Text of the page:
There are no overhead expenses like commissions or salaries for the management staff before the acquisition or confluence takes place, so the company executives and the team are not always motivated to succeed. Moreover, there is also no basis for competing interests because it’s restricted for managers to unite with any party that is in affiliation with insiders unless stockholders acknowledge such merging.
Revenues generated from SPAC companies may appear to be much lower than expected as the hype gradually decreases. According to Goldman Sachs, stocks of at least 70% of IPOs fueled by shell companies were worth less than $10 each.
Many SPAC companies tend to blend in with companies that need massive funding and have no certain financial projections. In such cases a SPAC is is the only way for them to attract capital as risks and possible speculations are rising.
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Despite the controversy surrounding SPACs, AdTech companies seem to align the hype with the advertisement industry’s growth just fine. Last year, Taboola Inc. began trading with a $2.6B valuation and merged with ION Acquisition Corp 1 – a green flag for all industry players to put their feet on new ground. Another company that successfully merged with ION Acquisition Corp 1 for $1.3B was Innovid.
In 2021, AdTech investors had more opportunities to park their money for decent returns, from the $1B AdTheorent to $11.1B ironSource SPAC deals. In total, the first quarter of 2021 has seen a $23.7B-worth investment pool for advertising and marketing companies, where 67% came from mergers and acquisitions.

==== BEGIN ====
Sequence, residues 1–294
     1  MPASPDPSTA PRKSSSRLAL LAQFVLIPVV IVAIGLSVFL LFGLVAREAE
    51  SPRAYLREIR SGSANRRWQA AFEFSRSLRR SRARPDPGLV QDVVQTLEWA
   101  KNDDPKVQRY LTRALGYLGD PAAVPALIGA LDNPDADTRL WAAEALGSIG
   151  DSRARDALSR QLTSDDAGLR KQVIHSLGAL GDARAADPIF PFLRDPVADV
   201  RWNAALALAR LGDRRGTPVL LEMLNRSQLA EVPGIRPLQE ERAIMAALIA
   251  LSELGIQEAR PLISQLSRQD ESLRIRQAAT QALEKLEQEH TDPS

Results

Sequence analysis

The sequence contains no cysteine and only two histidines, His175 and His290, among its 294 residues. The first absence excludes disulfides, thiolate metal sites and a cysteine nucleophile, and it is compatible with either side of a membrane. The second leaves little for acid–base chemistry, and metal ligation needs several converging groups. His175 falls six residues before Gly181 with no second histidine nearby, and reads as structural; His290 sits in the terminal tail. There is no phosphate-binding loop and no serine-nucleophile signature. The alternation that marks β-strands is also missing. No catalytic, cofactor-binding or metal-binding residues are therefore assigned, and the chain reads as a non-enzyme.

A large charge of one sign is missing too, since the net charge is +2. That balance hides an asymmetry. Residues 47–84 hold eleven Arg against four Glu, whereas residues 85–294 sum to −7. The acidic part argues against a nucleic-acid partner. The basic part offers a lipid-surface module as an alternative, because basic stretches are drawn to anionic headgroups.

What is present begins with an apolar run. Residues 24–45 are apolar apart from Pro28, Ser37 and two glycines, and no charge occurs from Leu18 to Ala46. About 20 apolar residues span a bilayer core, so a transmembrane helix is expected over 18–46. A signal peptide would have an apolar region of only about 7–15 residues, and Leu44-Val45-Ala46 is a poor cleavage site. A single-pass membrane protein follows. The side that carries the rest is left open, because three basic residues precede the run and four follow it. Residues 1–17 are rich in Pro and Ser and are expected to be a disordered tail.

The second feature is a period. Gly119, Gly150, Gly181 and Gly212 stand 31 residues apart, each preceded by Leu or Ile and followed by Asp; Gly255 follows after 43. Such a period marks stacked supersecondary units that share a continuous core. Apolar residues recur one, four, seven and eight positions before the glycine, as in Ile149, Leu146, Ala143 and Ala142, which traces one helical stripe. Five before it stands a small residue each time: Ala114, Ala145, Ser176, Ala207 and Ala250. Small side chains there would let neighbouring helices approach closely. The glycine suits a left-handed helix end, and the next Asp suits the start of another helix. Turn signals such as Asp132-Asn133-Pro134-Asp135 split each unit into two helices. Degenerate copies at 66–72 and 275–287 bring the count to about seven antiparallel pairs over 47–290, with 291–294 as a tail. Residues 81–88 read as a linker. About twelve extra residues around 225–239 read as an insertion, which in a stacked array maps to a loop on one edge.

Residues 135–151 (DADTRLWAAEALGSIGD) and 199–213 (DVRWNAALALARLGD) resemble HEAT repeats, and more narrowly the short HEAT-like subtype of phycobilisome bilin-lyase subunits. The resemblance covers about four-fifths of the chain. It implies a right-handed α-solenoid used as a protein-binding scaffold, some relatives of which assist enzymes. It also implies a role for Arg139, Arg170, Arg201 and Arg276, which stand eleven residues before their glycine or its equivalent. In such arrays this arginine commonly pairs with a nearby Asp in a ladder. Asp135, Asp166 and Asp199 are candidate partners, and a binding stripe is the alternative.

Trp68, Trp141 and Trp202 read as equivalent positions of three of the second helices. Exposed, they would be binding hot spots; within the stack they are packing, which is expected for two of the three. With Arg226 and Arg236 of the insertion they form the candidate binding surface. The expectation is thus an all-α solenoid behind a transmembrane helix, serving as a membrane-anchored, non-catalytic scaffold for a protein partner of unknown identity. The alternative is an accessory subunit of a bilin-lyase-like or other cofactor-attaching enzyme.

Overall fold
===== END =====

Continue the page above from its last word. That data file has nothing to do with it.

In contrast to SPAC trends on a broader market, AdTech investors are satisfied with the revenue they receive as stock valuations are increasing. The reason is quite simple: programmatic keeps growing and delivering. According to the forecasts made by eMarketer, global digital ad spending will amount to nearly $650B by 2024, making it one of the fastest-growing areas of digital industries.
Unlike in other industries, there haven’t been any SPAC-related scandals in AdTech. Indeed, IronSource and Taboola had experienced some reduction in their valuation, but by the end of December 2021 the former company had fully recovered and the shares of the company were at an all-time high. Whether AdTech will have its own Nikola case remains to be seen. So far the biggest risks for reputation and share value are the ones associated with ad fraud – the activity which must be stopped before any pre-listing due diligence occurs.
As of today, SPACs remain the strongest tool for AdTech players to jump into public capital. With digital advertising, connected TV, and e-commerce establishing themselves as fixtures of “the new normal” amid the global pandemic, taking this road might be a great option to expand onto. In early 2022, we should expect to see more companies putting their SPAC plans on the table.
AdTech companies seeking additional funds might find SPAC a welcoming entry ticket to a public offering. It is true that some AdTech giants, including The Trade Desk and PubMatic have preferred IPOs, trading the extra potential cash for their privacy limitations, regulatory obligations, stricter financial controls, and so on. But not everyone is ready to take the hard road in a fast-paced world, which might still be on the brink of new lockdowns or significant regulatory changes.